That Dr. Shaw and the women generally should feel resentment toward President Wilson and the Democratic party for sidestepping the ballot for women, is quite natural and to be commended. However much one may welcome certain acts of the present administration, the fact remains that these have been done in the general plan to offset the real democratic movements of the time, both for democracy in politics and industry.
The women have every reason for carrying on a vigilant campaign in their own behalf, and placing no reliance in the old parties. But the fight on the income measure is not a necessary part of such a campaign.
Better work would be done if the same spirit and energy were thrown toward securing measures of relief for the working women.
The Casa Grande Valley [Arizona] Dispatch on reported:
Dr. Anna Howard Shaw sent out from Pittsfield, Mass., a statement regarding her refusal to pay the “exhorbitant” personal tax “unjustly” levied upon her by the assessor of Delaware county, Pennsylvania. Her statement reads in part as follows:
“In the tax assessor of Upper Providence township, Delaware county, Pennsylvania, left at the house of Dr. Shaw a four page, legal size, pink sheet requesting that she make out a detailed statement of all her personal property including bonds, stock, mortgage, etc., giving in minute details the name and character of each.
“Dr. Shaw has always believed in the contention of the Colonies that ‘taxation without representation is tyranny’ and has consistently protested along this line when paying her taxes. But when, in addition to imposing an unjust tax, the government demanded that when she make out the list upon which the taxes were to be levied, she respectfully declined, stating that the very act of taxing a citizen of the United States while arbitrarily depriving her of representation was a violation of the National Constitution which declares that the ‘privileges and immunities [of] the citizens of the United States, shall not be abridged or denied by the United States nor by any State.’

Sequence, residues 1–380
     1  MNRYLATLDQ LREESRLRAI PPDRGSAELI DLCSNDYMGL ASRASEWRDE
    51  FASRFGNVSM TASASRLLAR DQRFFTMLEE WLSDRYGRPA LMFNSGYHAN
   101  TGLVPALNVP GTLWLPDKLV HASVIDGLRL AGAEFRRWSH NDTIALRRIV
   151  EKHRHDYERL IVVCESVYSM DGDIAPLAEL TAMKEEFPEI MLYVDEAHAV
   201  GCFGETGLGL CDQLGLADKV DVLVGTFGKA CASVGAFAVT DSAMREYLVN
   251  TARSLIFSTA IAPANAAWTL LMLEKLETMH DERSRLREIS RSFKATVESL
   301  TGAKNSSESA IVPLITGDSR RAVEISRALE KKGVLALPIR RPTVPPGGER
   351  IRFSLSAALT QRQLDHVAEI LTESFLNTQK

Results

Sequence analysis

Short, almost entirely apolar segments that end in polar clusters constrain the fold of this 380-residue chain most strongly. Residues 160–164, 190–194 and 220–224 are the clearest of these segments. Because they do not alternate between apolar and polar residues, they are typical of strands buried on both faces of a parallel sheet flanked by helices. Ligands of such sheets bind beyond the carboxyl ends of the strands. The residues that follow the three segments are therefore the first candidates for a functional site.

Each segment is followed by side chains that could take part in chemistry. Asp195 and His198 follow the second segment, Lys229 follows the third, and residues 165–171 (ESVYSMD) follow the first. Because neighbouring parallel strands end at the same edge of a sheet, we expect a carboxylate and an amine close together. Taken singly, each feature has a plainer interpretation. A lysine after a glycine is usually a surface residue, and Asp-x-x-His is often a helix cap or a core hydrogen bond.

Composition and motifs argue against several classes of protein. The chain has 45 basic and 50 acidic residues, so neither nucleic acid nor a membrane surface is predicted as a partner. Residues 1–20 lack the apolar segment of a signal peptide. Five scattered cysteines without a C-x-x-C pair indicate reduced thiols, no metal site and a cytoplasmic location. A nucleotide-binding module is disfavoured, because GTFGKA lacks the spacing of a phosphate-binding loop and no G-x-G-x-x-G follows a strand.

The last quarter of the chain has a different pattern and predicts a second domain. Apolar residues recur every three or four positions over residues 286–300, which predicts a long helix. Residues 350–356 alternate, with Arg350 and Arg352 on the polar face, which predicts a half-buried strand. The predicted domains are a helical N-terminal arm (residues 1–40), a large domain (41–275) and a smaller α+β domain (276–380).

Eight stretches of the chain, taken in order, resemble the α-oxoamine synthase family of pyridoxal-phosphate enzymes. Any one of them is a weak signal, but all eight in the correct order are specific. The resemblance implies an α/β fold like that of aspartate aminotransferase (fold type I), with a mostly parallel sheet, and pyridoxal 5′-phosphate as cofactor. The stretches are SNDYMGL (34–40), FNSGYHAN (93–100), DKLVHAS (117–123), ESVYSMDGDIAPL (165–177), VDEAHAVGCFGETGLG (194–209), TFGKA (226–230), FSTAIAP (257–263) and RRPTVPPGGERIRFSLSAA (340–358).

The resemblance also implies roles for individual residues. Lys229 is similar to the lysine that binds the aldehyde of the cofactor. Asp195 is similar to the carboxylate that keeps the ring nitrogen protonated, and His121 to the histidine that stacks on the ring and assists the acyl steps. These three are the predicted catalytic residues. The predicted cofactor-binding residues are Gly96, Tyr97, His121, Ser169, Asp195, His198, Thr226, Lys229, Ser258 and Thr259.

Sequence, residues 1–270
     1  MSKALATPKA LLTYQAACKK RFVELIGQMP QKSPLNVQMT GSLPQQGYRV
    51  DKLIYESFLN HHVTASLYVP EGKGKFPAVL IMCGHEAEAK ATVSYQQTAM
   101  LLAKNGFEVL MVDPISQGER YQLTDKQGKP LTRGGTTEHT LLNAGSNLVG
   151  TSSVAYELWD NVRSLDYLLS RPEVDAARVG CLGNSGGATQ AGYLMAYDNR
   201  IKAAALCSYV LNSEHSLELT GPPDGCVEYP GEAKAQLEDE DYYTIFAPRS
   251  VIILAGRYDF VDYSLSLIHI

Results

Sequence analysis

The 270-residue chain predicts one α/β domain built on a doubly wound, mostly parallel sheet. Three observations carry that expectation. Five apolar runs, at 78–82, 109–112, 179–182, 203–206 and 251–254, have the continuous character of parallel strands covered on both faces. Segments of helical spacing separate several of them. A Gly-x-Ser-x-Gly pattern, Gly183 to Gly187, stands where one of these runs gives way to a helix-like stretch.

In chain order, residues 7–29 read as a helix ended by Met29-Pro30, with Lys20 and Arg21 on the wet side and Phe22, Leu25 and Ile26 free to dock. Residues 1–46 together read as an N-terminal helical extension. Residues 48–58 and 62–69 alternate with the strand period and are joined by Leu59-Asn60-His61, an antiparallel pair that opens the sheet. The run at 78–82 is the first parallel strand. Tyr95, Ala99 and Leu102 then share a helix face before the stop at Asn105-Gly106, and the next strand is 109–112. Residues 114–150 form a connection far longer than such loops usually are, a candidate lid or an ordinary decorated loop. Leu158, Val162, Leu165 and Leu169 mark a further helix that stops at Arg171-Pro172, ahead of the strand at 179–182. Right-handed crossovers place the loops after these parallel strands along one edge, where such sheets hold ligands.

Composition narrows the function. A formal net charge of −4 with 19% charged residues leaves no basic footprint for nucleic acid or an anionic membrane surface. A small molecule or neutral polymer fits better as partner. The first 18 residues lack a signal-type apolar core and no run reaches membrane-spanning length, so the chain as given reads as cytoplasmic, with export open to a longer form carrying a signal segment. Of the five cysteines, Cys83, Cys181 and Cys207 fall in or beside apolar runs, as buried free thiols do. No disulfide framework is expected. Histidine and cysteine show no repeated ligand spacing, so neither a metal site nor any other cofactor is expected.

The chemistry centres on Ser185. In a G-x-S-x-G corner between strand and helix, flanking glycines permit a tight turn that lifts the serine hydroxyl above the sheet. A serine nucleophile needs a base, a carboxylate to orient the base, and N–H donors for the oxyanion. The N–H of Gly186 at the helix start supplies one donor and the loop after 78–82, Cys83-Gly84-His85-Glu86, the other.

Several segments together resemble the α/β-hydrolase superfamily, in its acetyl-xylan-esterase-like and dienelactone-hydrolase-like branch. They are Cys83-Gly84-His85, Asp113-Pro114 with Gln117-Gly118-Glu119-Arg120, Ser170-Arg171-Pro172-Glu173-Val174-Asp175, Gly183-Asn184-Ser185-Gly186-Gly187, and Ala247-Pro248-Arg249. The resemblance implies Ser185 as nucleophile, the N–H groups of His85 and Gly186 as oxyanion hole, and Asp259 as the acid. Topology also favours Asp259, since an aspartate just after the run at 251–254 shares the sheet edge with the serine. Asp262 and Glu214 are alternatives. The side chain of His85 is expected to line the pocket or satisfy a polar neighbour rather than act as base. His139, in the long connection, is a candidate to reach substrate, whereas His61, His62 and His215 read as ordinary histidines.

“For the State of Pennsylvania to deny to women citizens of the United States the right to participate in the government is in direct violation of this fundamental law of the land.
“Furthermore when the state demands that the citizen thus illegally denies her rights, shall in addition be the state’s accomplice in this unconstitutional act by making out a list upon which taxes may be levied, this is heaping injury upon tyranny. In the spirit of Dr. Shaw declined to be a party to an act which violated the National Constitution. She returned the document without making out the list.
“But in declining to make out the list, Dr. Shaw did not violate any law for the document stated that if for any reason the person failed to make out the list, the assessor should prepare it, but added that in doing so he should as far as possible learn the amount of property in order to make a reasonably fair statement.
“Dr. Shaw has witnesses who are willing to testify to the fact that instead of complying with this reasonable provision of the law, the assessor declared he took no pains to inform himself, and boasted that he would make the assessment so large that it would compel Dr. Shaw to make a statement. He therefore assessed her taxable personal property at $30,000.00. Had the assessor, as he was legally bound to do, sought to ascertain the value of Dr. Shaw’s personal property he could easily have done so, and if upon this information he had levied taxes she would have paid them as she always does all other taxes, namely, under protest against the tyranny of taxation without representation.”
Finally, this article from the New York Call:
“We don’t vote, and we don’t propose to pay,” is ultimatum of the teachers in Independence, Mo.
Kansas City, . — Women teachers in the schools of Independence, Mo., today announced they would refuse to pay taxes until given the right to vote. The teachers said they had been notified they were assessed $50 each and must pay taxes on that amount.
Angered at what she called taxation without representation, Miss Anna Baskin, teacher in the Columbia school, together with several other teachers, took the war path to let men know they could not dominate women in any such manner.
“They don’t let us vote and we are not heads of households and we don’t propose to pay taxes,” said Miss Baskin. “When they give us suffrage, then we will be glad to bear our share of the expense of the government.”